Rolling on the Emigrant Trail

Along the Emigrant Trail looking toward Mount Rose.

It was a big winter, nearly double the average snowfall in some places, but now with skiing just about done (except at Squaw Valley), it is time to get out on a bike and roll over some dirt. The problem is that many of our favorite trails are still covered in snow or too muddy to ride. One solution to that dilemma is the Commemorative Overland Emigrant Trail north of Truckee. Everyone who rides it regularly knows it as The Emigrant Trail. It’s located east of the Pacific Crest, sits at a lower elevation than most area trails and travels much of the way through open terrain; so it’s one of the first mountain bike trails to open up in the spring. As an added bonus, it’s rolling, up-and-down terrain is a good warmup for taking on the more challenging mountain-biking trails that will eventually emerge from the snow.

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The Emigrant Trail travels from the edge of Tahoe Donner on Alder Creek Road to Stampede Reservoir, but most folks just ride between Prosser Creek and Stampede. A new trailhead was created a few years ago, just off Hobart Mills Road, to allow people to park off the highway. From this trailhead to Stampede and back is about 22 miles. The alternative trailheads in Tahoe Donner on Alder Creek Road and at the Donner Party Picnic Area on State Route 89 add both length and technical difficulty.

From the Hobart Mills trailhead, the single-track trail follows Prosser Creek, then climbs up to a level plateau. Check out the views of the creek as you climb — if you can pedal hard and look at the same time. If not, enjoy walking your bike the last 50 feet, then stop to watch the bustling water.

Once the trail levels, you cross a lightly used road that provides access to Prosser Reservoir. Your ride now, as it will be for the rest of the route, is through a mixture of sagebrush and Jeffrey pines. Soon, the trail drops down into a lush river of grass; on a boardwalk you cross a small creek. The trail then climbs back out up a steep slope with a challenging switchback that might make some riders disembark before they cross the dirt Old Reno Road, followed by another gentle descent to a springtime creek. Then it’s more climbing.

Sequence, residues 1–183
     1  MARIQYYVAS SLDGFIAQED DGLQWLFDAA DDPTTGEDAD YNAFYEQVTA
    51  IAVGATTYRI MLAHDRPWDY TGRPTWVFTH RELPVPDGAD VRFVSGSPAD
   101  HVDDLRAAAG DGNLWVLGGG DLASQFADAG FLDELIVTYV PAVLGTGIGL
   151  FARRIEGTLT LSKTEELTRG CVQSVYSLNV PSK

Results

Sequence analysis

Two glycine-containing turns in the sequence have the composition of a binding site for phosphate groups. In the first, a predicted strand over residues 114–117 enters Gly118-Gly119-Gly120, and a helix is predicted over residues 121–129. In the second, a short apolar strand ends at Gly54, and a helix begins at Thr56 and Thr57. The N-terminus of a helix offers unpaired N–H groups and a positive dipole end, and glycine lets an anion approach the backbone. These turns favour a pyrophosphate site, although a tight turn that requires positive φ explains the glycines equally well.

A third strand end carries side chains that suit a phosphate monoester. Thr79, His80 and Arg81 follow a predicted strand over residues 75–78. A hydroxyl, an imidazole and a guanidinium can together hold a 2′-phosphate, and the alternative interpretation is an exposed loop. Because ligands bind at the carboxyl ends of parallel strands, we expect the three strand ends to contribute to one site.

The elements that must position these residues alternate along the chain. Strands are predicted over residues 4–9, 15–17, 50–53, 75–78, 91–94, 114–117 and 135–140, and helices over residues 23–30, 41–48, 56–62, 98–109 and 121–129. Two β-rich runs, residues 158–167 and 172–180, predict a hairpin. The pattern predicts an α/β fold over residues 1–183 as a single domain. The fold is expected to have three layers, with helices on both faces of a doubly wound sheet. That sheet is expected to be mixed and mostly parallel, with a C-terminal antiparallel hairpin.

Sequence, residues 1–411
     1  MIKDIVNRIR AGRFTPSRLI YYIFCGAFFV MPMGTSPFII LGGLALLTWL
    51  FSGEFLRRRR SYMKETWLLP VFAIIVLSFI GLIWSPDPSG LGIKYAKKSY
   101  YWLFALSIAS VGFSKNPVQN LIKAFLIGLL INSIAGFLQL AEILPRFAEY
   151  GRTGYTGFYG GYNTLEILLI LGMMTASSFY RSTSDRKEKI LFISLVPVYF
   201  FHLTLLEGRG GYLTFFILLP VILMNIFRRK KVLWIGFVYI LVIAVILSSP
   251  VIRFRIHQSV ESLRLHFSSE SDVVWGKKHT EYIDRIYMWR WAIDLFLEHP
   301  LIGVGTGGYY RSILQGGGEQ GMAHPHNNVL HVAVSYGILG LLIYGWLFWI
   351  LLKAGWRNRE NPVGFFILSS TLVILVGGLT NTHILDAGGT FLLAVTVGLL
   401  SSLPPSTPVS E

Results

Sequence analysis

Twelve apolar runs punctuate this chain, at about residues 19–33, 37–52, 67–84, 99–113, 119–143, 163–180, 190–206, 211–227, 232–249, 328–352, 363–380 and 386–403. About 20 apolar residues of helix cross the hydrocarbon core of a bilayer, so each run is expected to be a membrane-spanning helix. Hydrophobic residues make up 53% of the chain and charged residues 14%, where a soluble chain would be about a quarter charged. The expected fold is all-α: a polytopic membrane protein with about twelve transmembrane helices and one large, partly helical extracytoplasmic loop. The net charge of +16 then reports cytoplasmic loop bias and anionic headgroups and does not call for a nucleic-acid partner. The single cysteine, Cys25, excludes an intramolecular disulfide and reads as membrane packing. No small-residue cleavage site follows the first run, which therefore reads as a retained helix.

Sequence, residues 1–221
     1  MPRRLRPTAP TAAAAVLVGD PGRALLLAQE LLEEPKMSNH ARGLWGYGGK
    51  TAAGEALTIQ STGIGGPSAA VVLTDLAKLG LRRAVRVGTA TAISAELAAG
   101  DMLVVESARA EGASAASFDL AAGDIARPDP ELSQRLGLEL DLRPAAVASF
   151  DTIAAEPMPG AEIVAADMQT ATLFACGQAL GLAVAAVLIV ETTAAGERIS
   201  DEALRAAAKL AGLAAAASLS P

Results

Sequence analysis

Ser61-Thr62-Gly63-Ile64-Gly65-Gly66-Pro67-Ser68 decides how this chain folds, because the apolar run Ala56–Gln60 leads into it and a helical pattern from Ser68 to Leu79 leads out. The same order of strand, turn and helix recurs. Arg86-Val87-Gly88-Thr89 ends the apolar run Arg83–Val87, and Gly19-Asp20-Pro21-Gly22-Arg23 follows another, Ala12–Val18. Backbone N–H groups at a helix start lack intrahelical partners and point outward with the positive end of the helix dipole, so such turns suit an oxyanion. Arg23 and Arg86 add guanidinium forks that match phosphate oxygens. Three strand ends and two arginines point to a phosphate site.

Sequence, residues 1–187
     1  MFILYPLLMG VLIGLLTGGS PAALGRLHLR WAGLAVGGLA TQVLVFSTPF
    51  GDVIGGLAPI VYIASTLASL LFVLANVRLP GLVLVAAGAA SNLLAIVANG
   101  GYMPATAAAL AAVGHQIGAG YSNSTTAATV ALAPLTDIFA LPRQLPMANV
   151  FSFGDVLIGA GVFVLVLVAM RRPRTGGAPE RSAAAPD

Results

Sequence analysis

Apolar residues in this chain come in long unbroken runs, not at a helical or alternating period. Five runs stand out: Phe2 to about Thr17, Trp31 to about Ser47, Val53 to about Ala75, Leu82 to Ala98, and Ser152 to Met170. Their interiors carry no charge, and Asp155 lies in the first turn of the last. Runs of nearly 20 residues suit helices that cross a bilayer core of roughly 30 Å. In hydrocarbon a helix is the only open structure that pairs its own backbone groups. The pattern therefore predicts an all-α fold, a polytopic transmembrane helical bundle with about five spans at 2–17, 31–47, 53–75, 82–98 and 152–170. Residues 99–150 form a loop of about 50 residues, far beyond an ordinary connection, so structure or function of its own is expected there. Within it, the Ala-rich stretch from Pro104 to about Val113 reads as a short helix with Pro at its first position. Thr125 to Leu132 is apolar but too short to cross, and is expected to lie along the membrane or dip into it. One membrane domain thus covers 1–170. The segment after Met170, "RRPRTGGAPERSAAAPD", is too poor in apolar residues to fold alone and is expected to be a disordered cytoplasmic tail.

You get the picture. It’s all mostly gentle to moderate climbs followed by descents until you reach a saddle with mountain views to the north. Here a longer descent leads to a paved crossing of Hobart Mills Road. Those who’ve had enough dirt can head left here, climb up the paved road for about 1 mile before a long descent brings you back to Hobart Mills.

More energized riders face a potential tricky but narrow little creek ford, followed by a roll past a wildflower dotted meadow and a big descent. The riding is fun and not overly challenging, although the trail has become rockier over the years as the formally smooth surface has eroded in many spots.

Creek crossing on the Emigrant Trail near Russel Valley Road.

If you have the energy, go ahead and punch it up those climbs because they will be over soon enough and are followed by descents. There are also some nice gentle ups and downs where you can pedal and enjoy the open forest in the sunshine — which explains why this trail melts out fast.

After the steep part of the descent wanes and the rolling up and down continues, Russell Valley is visible to your right, before another climb brings a descent to a gravel road and a small spring. The next climb brings the last gentle descent to a junction with two steep options to choose from: Straight ahead takes you to an intersection with Dog Valley Road where you can turn left and go to the Stampede Reservoir Boat Ramp or at that first intersection take the single track uphill to your left toward the boat launch. This route though leads to an arm of Stampede that given last winter will be full and not allow passage to the launch.

The view from the boat launch is worth the effort. Most of Stampede unfolds before you. Look for bald eagles and osprey that frequent the lake. You can also be entertained by fishing boats being put into or taken out of the water. Or, on a warm day, get yourself wet. There is a pit toilet, but no water. Once you are ready, return the way you came.

Hobart Mills Trailhead

Drive 5 miles north of Truckee on State Route 89. Just after passing Prosser Creek, turn right on Hobart Mills Road. The trailhead is quickly on your right. Weekends are busy times for this trail; plan accordingly. | truckeetrails.org